Publisher: Prentice Hall PTR
In recent years, with the explosion of web-based applications and the ever-growing popularity of the Java programming language and related Java based technologies, there has been an increasing number of vendors offering middle-tier products on which developers could build and deploy applications. This major shift from two-tier client-server paradigm to n-Tier architecture brings many challenges, especially in the area of system security. To learn about how to secure your J2EE applications, read on.
About the author
Pankaj Kumar is a Software Architect at HP's Web Services management Organization and has worked extensively in the area of middleware and security. He has presented on Java and Web services technologist events ranging from SD West and SD Forum to HP World.
Inside the book
This book is organized into three main parts. Part one is all about basic security and the Java platform. Part two introduces the readers to the basic building blocks of the Java platform's security architecture - APIs for cryptographic operations, PKI infrastructure, access control mechanisms, Java Secure Socket Extensions, and APIs for XML. And finally, the third and final part links together the concepts introduced in part two.
The first part of the book kicks off with a look at news reports and case studies to get a feel for computer and network security problems. The first chapter ends with brief description of how to enable technologies in the fight against computer crime and how application security fits into the overall scheme of things.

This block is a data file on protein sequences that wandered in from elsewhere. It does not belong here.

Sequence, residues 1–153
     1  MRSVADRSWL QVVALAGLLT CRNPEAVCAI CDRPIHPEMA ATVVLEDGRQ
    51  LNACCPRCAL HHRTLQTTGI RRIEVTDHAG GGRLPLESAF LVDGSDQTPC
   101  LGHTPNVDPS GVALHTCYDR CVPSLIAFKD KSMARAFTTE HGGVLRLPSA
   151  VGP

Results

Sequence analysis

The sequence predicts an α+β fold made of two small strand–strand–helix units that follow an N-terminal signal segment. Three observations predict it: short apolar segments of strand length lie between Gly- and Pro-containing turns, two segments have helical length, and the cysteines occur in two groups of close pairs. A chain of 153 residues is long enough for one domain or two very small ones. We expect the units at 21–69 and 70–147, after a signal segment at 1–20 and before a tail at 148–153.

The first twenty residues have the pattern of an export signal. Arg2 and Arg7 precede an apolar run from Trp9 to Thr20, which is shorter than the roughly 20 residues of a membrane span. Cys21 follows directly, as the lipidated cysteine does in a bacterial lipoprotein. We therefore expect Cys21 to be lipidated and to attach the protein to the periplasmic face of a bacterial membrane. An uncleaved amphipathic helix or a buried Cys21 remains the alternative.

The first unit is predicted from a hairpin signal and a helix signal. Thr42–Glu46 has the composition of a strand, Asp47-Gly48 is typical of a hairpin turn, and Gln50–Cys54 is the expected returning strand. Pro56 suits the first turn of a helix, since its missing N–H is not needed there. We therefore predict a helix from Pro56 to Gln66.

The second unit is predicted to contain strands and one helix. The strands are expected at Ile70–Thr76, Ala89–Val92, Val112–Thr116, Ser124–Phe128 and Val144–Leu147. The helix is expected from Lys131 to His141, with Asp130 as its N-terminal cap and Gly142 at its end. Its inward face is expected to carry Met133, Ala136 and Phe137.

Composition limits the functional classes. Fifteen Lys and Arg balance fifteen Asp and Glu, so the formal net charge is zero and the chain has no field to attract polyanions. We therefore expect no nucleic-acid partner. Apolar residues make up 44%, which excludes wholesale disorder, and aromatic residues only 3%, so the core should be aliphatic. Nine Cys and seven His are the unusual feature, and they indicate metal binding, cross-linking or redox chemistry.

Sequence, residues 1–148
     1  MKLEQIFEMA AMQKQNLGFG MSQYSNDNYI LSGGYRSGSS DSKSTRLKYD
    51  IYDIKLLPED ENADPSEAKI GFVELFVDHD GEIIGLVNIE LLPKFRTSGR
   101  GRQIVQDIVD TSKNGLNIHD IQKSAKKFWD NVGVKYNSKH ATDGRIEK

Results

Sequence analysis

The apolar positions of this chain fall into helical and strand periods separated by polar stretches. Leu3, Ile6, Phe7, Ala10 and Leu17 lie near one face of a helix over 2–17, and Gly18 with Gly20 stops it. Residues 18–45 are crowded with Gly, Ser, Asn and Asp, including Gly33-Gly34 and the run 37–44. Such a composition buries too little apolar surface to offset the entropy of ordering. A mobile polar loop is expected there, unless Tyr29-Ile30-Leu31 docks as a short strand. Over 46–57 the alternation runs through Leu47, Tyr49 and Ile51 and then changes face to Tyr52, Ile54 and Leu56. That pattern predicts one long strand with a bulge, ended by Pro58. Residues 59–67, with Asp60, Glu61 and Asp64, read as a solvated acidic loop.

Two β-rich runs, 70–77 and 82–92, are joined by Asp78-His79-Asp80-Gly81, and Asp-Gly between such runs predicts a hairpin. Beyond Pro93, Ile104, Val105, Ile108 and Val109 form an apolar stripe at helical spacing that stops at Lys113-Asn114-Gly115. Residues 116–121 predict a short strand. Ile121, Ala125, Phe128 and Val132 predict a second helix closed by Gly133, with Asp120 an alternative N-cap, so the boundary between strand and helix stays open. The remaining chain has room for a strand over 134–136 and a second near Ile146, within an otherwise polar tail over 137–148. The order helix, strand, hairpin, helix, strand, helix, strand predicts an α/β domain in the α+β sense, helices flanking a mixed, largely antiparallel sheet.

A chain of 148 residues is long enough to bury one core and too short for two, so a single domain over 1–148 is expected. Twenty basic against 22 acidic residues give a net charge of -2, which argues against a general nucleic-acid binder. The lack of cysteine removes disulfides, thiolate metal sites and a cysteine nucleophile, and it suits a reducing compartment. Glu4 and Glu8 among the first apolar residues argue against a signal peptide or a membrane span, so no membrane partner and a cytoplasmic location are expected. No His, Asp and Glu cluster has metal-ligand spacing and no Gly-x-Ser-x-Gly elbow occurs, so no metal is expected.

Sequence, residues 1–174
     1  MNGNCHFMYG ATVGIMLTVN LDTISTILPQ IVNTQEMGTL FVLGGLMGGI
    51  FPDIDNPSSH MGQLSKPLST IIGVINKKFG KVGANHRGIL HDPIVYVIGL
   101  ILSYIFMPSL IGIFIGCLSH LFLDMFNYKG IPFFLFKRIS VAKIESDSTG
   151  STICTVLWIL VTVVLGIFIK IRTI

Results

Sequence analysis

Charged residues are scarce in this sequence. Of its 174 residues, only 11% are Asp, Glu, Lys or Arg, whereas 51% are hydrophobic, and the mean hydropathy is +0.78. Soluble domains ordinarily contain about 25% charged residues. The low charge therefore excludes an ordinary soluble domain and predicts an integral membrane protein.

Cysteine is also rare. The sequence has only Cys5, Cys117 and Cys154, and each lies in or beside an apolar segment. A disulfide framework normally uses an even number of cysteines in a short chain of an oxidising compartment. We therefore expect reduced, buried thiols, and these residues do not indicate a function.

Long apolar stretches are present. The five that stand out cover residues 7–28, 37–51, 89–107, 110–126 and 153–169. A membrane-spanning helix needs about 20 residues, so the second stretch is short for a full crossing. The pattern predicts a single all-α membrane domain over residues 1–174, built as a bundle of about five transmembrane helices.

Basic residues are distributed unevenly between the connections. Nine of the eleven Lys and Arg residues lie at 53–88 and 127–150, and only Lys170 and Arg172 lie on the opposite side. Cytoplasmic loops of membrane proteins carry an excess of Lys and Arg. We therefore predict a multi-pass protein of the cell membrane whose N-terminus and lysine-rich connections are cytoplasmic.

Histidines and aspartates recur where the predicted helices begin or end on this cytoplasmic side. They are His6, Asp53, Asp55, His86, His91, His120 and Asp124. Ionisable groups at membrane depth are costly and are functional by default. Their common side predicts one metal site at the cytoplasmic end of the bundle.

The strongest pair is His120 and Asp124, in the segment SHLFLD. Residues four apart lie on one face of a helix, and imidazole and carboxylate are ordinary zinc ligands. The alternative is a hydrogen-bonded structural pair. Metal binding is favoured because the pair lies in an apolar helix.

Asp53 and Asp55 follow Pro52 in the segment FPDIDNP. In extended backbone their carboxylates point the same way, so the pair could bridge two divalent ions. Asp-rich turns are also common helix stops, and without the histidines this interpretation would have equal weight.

What follows is an overview on the Java platform, consisting of J2SE and J2EE, with focus on security aspects.
The second part of the book starts with an explanation of cryptographic services and the Java API supporting these services. Basic cryptographic APIs (JCA and JCE) are covered. Here you learn about the secret key and PK cryptography, message digests, Message Authentication Code, and digital signature.
The following chapter discusses Java support for PKI components such as X.509 certificates, certification authorities, and certificate revocation lists.
Next, you encounter an explanation of the security model used to protect resources within JVM with a Security Manager.
We continue by going deeper into security with chapter six that explains SSL also known as transport layer security, protocol for securing exchange of information over unprotected networks at the transport level.
In last chapter in the second part of the book the author writes about message security as a means to secure messages independent of transport. XML security standards XML Signature and XML Encryption are explained.
This third part of the book starts with a discussion of the security issues in developing RMI based distributed applications. It covers the use of the security manager to limit privileges of downloaded code, SSL for transport level security and JAAS for user authentication.
If you're interested in web application security you'll be glad to know that chapter nine contains information about different forms of declarative and programmatic security for Servlets and JSPs. Apache Tomcat is used to illustrate example programs.
The author continues by illustrating how the EJB architecture facilitates the development of software components for assembling secure enterprise applications. BEA's WebLogic Server is used to explore security concepts.
Chapter eleven talks about security issues surrounding the developing, deploying and invoking of Web services. Open source SOAP engine Apache is used to illustrate the APIs and the examples.
The book closes with on overall review of the subject of the book which is analyzed from a distance, identifying patterns, general principles and relations between topics.
J2EE Security is a well written book; it makes a rather difficult topic easy to understand.
If you are a java programmer, a system administrator who is in charge of managing J2EE applications, a system architect, or a project manager you will definitely enjoy reading this book. It's worth every penny.
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